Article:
In 1619, a group of kidnapped Africans forcibly disembarked from ships on the shores of colonial Virginia. They were not the first people to be sold into slavery in the New World. But this date marked the first known sale of human beings on what would eventually become the United States mainland.
The Transatlantic Slave Trade Reaches North America
In 1619, about 350 people were forced aboard the Portuguese ship San Juan Bautista in the slave-trading port of Luanda on the West African coast. They had been captured by Portuguese fighters in Angola and marched up to 200 miles to Luanda.
The San Juan Bautista sailed across the notorious Middle Passage of the transatlantic slave trade triangle. Over the previous century, this route had delivered more than half a million captured Africans into slavery in the Caribbean and parts of mainland South America. But the passengers on this particular trip took an unprecedented, forced turn northward. As the San Juan Bautista crossed the Gulf of Mexico toward Veracruz, English privateers attacked. They captured around 50–60 enslaved passengers and transferred them to their own ships, the White Lion and Treasurer. The English ships set a new course for the British North American colonies.
The White Lion and Treasurer arrived a few days apart in what is now Hampton, Virginia. The privateers sold more than 20 Africans in exchange for provisions. At least one person, a woman named Angelo or Angela, was taken to nearby Jamestown, Virginia, the first permanent English settlement in North America.
Demand for Labor Leads to Slavery Laws
The labor-intensive nature of life in the British North American colonies, along with a high mortality rate, made the region hungry for workers. Tobacco farming in Virginia was an especially lucrative business, but it required enormous amounts of cheap labor, much of which was performed by indentured servants during the 1600s. During the mid-1600s, Virginia courts gradually created laws that trapped Africans and their offspring into lifelong slavery. Beginning in 1650, international slave traders brought increasing numbers of enslaved Africans to North America. A few came from the West Indies rather than directly from Africa, but most came from western Africa, largely from the coastal and nearby interior regions. More than 225,000 enslaved people arrived during the last half-century before United States independence. Natural increase boosted their numbers.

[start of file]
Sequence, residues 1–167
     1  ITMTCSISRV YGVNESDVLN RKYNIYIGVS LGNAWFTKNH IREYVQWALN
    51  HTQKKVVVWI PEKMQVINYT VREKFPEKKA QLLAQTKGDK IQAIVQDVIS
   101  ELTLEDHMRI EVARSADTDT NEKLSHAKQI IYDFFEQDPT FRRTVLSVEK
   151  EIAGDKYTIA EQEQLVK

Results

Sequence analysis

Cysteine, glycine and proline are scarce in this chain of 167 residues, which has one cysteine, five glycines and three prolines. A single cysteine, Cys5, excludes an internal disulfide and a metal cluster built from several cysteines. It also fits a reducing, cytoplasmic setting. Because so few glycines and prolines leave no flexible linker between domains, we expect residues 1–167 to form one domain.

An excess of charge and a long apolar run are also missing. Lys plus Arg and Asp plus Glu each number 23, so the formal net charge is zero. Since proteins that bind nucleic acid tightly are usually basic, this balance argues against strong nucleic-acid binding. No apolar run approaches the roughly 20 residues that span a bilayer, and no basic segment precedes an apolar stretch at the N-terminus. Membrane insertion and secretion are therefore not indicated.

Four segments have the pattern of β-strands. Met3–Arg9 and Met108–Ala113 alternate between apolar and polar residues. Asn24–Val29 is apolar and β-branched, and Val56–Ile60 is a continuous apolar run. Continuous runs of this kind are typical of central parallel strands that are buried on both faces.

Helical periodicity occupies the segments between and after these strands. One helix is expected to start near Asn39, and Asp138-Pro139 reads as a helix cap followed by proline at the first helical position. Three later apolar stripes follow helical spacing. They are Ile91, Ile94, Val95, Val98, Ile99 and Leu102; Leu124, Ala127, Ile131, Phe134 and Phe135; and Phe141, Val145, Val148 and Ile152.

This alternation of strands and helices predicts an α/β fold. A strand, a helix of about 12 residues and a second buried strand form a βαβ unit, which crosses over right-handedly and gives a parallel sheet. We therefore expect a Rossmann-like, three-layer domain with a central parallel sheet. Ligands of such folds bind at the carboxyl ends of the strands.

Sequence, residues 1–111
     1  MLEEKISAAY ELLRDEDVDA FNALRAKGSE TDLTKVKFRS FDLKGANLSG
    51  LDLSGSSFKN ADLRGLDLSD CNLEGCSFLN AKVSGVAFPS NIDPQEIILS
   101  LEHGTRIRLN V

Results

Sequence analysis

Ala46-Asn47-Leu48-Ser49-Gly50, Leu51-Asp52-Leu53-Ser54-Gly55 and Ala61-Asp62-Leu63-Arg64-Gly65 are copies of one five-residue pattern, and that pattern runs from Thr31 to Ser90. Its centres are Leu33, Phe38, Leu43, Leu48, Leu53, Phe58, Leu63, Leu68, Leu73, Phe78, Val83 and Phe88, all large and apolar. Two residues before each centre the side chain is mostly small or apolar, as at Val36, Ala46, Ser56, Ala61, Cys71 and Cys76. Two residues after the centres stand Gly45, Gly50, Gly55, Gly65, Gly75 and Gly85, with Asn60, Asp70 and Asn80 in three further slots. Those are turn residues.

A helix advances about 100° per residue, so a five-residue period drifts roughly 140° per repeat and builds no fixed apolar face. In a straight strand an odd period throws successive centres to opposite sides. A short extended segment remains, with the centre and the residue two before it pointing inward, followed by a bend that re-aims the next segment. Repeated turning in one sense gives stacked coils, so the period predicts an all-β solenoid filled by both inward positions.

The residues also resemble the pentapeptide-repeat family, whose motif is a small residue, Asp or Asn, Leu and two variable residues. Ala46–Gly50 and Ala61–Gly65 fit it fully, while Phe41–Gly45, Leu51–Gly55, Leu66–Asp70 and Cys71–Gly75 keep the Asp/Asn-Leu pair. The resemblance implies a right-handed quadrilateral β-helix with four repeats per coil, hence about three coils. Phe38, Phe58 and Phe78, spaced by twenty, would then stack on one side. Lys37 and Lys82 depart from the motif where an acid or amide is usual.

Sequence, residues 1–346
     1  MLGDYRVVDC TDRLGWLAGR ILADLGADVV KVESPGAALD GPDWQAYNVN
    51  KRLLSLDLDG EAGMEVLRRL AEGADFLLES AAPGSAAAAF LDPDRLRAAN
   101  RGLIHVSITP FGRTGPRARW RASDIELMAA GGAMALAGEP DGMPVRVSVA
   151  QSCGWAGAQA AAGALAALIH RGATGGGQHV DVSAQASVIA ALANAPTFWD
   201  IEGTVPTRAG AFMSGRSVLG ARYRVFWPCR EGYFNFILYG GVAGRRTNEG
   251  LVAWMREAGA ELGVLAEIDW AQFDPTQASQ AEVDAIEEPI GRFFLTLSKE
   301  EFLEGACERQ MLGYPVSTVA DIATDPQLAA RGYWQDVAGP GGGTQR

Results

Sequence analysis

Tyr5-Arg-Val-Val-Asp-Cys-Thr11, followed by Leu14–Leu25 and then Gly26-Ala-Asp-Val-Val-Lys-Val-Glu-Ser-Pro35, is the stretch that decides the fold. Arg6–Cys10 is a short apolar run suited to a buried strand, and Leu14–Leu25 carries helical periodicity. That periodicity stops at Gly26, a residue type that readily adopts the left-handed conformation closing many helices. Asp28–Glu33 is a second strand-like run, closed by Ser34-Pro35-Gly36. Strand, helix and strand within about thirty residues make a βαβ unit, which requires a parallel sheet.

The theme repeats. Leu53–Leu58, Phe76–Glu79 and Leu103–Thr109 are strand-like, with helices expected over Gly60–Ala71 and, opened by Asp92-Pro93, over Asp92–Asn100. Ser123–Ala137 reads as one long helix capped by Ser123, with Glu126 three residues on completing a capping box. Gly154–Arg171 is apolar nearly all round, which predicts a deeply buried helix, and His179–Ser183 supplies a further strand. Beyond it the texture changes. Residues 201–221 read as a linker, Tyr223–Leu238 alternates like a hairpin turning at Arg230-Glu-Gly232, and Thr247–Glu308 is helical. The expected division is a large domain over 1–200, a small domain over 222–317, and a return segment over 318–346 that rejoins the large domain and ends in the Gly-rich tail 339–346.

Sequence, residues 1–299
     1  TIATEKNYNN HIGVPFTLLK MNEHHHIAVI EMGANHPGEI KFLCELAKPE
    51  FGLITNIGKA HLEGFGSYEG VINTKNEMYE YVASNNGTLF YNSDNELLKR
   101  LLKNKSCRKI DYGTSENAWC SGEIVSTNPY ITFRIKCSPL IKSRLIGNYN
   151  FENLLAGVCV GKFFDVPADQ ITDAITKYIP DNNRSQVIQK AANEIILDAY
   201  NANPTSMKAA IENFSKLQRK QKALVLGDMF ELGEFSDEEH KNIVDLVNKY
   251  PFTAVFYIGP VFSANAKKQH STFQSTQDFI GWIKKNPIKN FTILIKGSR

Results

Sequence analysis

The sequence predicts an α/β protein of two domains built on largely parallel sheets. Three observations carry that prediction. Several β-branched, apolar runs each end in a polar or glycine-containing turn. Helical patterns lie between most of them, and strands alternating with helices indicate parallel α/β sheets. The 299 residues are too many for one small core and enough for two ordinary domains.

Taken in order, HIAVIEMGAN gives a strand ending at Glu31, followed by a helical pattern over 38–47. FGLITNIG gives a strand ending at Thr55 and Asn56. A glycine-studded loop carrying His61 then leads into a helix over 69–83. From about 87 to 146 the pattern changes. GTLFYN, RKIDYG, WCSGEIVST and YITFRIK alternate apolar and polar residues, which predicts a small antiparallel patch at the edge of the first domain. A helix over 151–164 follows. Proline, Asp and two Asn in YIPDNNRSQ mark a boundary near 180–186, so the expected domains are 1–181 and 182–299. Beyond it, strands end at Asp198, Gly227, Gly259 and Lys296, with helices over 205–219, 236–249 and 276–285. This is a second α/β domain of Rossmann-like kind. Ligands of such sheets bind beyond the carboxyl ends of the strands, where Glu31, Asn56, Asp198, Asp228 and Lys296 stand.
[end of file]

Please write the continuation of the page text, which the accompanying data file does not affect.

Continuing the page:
About 700,000 enslaved people lived in the United States when it became a nation. The vast majority of enslaved people lived in Southern states, where tobacco and cotton were important crops.
The United States and the Slave Trade
Importation of enslaved people dropped temporarily during and after the United States Revolutionary War. Certain states, most notably Georgia and South Carolina, opened their ports to the slave trade. The United States Congress abolished the importation of enslaved people from Africa beginning in 1808 and required ships transporting enslaved people within the country to document their passengers.
The law wasn’t fully enforced and did nothing to end the practice of slavery itself. A few states had begun that process, however. In 1777, Vermont abolished slavery completely; Pennsylvania followed suit three years later. The Northwest Ordinance of 1787 prohibited slavery in the new Northwest Territory.
In 1820, a new law effectively curbed United States participation in the international slave trade by imposing much stiffer penalties. As legal scholar Paul Finkelman has noted, “After 1820, participation in the African slave trade was to be considered the most heinous crime on the high seas. . . . Some slaves were smuggled into the United States after 1820 from both Africa and other places in the Western Hemisphere. But the risks were high and the numbers were relatively few. . . . After 1820 it is unlikely that more than 10,000 were successfully landed in the United States.”
Although the importation of new enslaved individuals from Africa largely ceased, slavery continued in the United States for nearly another half century. The process of ending slavery on a national level began in 1863 with the Emancipation Proclamation and concluded with the passage of the 13th Amendment to the Constitution in 1865. However, other laws and practices continued to perpetuate injustices against people of African descent in the United States for decades to follow.
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